On 26 September 2019 Q-SORT will open the doors of its labs at the CNR-NANO in Modena. This will be part of the “Emilia Romagna Open” event, promoted by the Emilia Romagna Region of Italy and of the EIC Future Tech Week 2019.
The principal investigator of Q-SORT, Vincenzo Grillo, will explain the magic behind optical holograms by showing their structure as revealed by the electron microscope. Other samples of interest, such as circuits, will be shown as the electrons see them.
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Emilia-Romagna OPEN aims to bring the spotlight on companies and laboratories in the Emilia-Romagna region, within a wider initiative promoted by the local regional authority, in collaboration with ART-ER. Companies large and small, as well as public and private research laboratories, will open their facilities to the citizenry from 26 to 29 September 2019, bringing the public closer to the places where research and production is carried out. This is a unique opportunity for the public to visit laboratories that can rarely be accessed; to get to know the local companies, research organisations, the stories behind them, the people who work there every day. The event is linked to the European Researchers’ Night, which takes place on 27 September in over 340 cities in Europe. Emilia-Romagna OPEN is an initiative funded by the European Regional Development Fund within the framework of the Cohesion Fund, in order to boost both the economic growth and the attractiveness of the territory.
The Future Tech Week 2019 (powered by the European Innovation Council) is organised by the EIC Pathfinder FET team of the European Commission in collaboration with the FETFX project. The Future Tech Week aims to raise visibility and awareness of visionary, high-risk, and long-term-impact research funded by the European Commission under the FET programme, including the EIC Pathfinder as a driver for future breakthrough innovation.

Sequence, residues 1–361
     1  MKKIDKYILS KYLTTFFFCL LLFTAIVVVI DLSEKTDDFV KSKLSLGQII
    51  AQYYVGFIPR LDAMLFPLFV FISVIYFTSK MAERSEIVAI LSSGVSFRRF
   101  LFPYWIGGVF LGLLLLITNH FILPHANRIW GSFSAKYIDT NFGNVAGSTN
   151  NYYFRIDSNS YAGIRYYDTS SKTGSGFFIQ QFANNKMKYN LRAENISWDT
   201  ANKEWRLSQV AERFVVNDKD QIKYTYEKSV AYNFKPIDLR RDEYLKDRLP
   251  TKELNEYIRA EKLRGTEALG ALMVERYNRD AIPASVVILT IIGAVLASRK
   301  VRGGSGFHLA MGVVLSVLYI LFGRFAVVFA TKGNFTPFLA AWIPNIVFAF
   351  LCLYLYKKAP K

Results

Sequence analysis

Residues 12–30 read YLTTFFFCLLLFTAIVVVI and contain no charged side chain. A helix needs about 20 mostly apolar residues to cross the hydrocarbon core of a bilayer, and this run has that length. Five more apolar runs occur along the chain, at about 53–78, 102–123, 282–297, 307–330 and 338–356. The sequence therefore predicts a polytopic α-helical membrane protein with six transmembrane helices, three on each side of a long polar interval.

The European Researchers’ Night takes place annually with the aim of bringing researchers closer to the general public. It is one of the most well-known public engagement events in Europe and is hosted in universities, science centres, museums and research institutes. European Researchers’ Night has been running for more than 10 years and events have taken place in almost 300 locations around Europe. By the end of 2017, the European Commission will have invested in excess of €40 million worth of funding in this initiative.
The Q-SORT project is developing a new generation of electron microscopes: so-called “Quantum Sorters”, able to probe delicate specimens with extremely low sample damage. The potential benefits of such tools include, but are not limited to, the ability to determine protein structures that could lead to new drug designs for healthcare and next-generation biomedicine.